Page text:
One of my favorite features of this store is "The Cold Room." It's an entire room that's been turned into a gigantic freezer. It's not a little room. It's a big room with lots and lots of aisles! All meat, poultry, fish, and dairy items are in there as well as essential staples like pre-made chocolate chip cookie dough. :) I don't know the exact temperature of The Cold Room but it's low enough that the store supplies jackets for customers to put on before they enter -even though it took them a while to actually tell us that that's what the jackets were for!

It all started when a bunch of coat racks showed up alongside a wall in the middle of the store one day, with what appeared to be a variety of old coats. In short, it looked like someone had raided the local Good Will. But why all those old coats were hanging there was a mystery. At one point I thought they might be personal coats belonging to store employees (because, you know, that makes perfect sense... that out in the middle of the store would be the place for employees to hang their coats, instead of someplace more private and secure in the back!)

It was at least another month before the random coats were replaced by brand new matching Fairway jackets, another few weeks after that before a cardboard sign was put up explaining what the jackets were for, and another month or two after that before a professionally made sign was finally put in place.

New people, in particular, rarely grasp the "take a jacket before you enter" concept. You can always tell who's never been to the store before because they're the ones huddled in the corners and turning blue. When I ski over to them with my sled dog team to give them a shot of brandy and tell them about the jackets that are hanging outside the door, the looks of gratitude in their faces make life worthwhile. I'm sure there are several first born children named after me by now.

Of course there will always be that small percentage of people who refuse to put on a jacket even though they know that's what they're there for. Some people think they're too cool to put on a jacket (no pun intended). Others get creeped out by the thought that hundreds of people may have worn that jacket before them. Me...? I don't have this problem. I put on the jacket. I don't care how many people have worn the darned thing before me! It's freaking COLD in there!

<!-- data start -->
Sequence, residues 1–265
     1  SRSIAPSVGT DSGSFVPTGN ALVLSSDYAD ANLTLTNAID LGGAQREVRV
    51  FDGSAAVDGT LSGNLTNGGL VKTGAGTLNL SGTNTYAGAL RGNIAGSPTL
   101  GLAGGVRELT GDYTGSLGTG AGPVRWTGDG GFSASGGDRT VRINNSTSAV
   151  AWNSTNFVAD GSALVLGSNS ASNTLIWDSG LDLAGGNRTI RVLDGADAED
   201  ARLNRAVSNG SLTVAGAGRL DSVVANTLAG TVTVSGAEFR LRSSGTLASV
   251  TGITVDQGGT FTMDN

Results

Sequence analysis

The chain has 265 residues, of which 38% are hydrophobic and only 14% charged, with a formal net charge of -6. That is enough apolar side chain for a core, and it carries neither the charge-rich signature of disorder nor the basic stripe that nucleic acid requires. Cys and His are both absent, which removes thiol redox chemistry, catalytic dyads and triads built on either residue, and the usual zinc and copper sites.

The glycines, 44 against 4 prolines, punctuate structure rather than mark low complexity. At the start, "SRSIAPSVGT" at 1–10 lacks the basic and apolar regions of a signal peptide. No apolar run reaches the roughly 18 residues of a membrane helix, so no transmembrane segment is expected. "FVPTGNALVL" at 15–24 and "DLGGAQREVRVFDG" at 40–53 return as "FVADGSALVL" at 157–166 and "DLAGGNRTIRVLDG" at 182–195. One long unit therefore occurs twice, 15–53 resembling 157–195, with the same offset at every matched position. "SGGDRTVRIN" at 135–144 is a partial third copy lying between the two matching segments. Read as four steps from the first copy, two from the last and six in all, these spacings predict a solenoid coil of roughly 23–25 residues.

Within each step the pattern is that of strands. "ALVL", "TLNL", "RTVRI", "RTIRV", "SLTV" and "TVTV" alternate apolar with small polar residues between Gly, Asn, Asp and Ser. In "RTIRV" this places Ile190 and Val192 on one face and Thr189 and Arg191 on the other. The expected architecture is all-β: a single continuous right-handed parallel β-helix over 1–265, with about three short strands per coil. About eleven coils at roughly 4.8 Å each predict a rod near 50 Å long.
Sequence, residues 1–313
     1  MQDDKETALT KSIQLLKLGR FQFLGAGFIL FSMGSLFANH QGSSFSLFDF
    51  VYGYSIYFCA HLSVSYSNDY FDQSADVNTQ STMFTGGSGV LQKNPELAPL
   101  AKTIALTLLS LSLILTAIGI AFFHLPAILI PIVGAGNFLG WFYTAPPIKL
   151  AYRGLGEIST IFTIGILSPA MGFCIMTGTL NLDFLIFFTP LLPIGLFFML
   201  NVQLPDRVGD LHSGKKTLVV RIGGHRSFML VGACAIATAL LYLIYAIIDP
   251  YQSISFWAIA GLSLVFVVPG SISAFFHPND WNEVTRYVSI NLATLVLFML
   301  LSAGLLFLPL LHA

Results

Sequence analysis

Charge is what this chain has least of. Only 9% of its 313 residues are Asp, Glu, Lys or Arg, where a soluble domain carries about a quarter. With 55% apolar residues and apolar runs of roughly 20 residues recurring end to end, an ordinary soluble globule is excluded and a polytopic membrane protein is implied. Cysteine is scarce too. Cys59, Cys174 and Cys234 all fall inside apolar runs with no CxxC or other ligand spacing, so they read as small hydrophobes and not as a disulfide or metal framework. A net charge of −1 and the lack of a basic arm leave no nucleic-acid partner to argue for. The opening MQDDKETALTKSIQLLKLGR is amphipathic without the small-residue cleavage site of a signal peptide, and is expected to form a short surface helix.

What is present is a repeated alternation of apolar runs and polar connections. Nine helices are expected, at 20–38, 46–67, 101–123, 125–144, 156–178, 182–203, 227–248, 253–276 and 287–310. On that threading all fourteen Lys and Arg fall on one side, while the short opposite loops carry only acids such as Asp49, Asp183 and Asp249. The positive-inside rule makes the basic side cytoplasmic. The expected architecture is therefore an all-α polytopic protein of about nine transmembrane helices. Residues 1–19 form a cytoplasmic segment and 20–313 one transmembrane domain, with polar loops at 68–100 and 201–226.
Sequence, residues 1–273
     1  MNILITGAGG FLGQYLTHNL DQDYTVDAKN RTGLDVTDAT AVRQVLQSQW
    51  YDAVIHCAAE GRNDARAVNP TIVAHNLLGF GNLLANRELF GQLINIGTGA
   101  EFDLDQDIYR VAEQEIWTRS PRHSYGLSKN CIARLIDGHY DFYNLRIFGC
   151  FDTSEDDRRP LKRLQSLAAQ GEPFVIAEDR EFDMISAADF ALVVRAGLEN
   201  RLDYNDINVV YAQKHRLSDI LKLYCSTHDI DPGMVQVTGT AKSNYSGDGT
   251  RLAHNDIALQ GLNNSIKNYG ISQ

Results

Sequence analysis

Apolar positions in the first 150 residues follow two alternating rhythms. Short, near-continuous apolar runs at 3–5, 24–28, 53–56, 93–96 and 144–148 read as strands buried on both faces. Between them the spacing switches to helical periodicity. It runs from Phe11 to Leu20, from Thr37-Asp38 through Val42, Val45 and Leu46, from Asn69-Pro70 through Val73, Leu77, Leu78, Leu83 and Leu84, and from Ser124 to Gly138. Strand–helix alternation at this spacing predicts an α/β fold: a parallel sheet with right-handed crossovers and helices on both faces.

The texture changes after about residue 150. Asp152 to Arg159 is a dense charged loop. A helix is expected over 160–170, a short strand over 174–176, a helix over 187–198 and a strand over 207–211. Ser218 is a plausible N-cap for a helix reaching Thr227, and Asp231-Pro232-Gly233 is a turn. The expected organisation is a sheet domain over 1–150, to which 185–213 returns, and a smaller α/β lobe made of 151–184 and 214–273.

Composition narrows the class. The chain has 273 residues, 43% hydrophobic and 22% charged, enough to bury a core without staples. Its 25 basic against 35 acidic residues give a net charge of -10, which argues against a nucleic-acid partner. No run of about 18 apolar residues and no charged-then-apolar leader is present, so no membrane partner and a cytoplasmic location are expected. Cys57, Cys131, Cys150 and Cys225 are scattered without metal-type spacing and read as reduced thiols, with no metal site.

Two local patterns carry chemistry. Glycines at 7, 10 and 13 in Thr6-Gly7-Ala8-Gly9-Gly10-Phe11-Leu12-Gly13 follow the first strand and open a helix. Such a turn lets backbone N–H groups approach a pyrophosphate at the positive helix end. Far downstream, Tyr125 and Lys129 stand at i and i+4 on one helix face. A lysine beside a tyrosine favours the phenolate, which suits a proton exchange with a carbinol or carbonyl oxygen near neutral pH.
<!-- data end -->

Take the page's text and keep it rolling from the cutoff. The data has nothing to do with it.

Once or twice I was in a hurry and thought "I'll just run in there quickly, grab what I want, and run back out. I don't need a jacket." -I learned my lesson. I always wear a jacket in The Cold Room now. And if no jackets are available, I will wait outside those swinging doors until someone returns and puts their jacket back!

sled dogs and I are in no hurry.


I Am Thankful For Rainy And Overcast Days

Most people don't seem to like rainy or overcast days, but I do. I actually prefer them to sunny days most times. I don't want to get caught in the rain if it's freezing outside or if I'm on my way someplace where I won't be able to change into dry clothes at the end, but if I'm on my way home, I'm ok with getting wet (as long as I'm wearing more than a T-shirt!)

Every now and then there's a bunch of dark or rainy days in a row and people start talking about how depressed they feel or how stir crazy they're getting, but I don't ever feel that way from rainy or overcast days. I like them. And there's something immensely comforting to me about rain. I'm not sure why. Maybe it's the ions in the air or something. Who knows. But on an overcast day I just feel better.

(...And rain makes the flowers grow and cleans out pollen and breaks heat waves and all that stuff too!)


Tuesday, November 27, 2007

The Bracelet

What's that on your keychain?


That pink rubber thing.

Oh, they were giving these away at the hospital for free. It's one of those bracelets for breast cancer.

(inspecting the bracelet)
It doesn't say that.

Doesn't say what?

That it has anything to do with breast cancer.

What does it say?

The name of a lab. It's an advertisement for the name of the lab. There's nothing on here about fighting breast cancer.

Well it was free. And it's pink.

Oh well you should definitely keep it then.


I Am Thankful For Taxis

Do you ever stop to think about how convenient it is to have Taxis available to you, and what's really going on when you use one? I do (but this shouldn't surprise you by now!)

Basically, what happens, is that you need to get someplace and you need a ride. So you go out into the street and look for someone who can give you that ride, and when you find someone who's available you more or less say "Hey could you please do me a favor and give me a ride to this place? I'll pay you for it." and then the complete and total stranger whose car you've stopped says "Sure! Hop in!" Not only that, but you get really lucky, because the ride you get just happens to be from someone who knows where EVERYTHING is! Even when you may not be sure how to get to your destination! (What are the odds? ;) )

Then when you're done, do you know what that total stranger who gave you the ride does? They drive around the city looking for more people who might need a ride somewhere. Because that's just the kind of nice and helpful person he or she is.

How many other people do you think would happily give you a ride anyplace you asked, (paid or unpaid), any time, day or night, with absolutely no advanced notice, and no questions asked? How many people would say "Sure, I was just driving around looking to see if someone might need a ride somewhere anyway, so yeah, no problem. I'll take you."

I am really thankful for Taxis.


Monday, November 26, 2007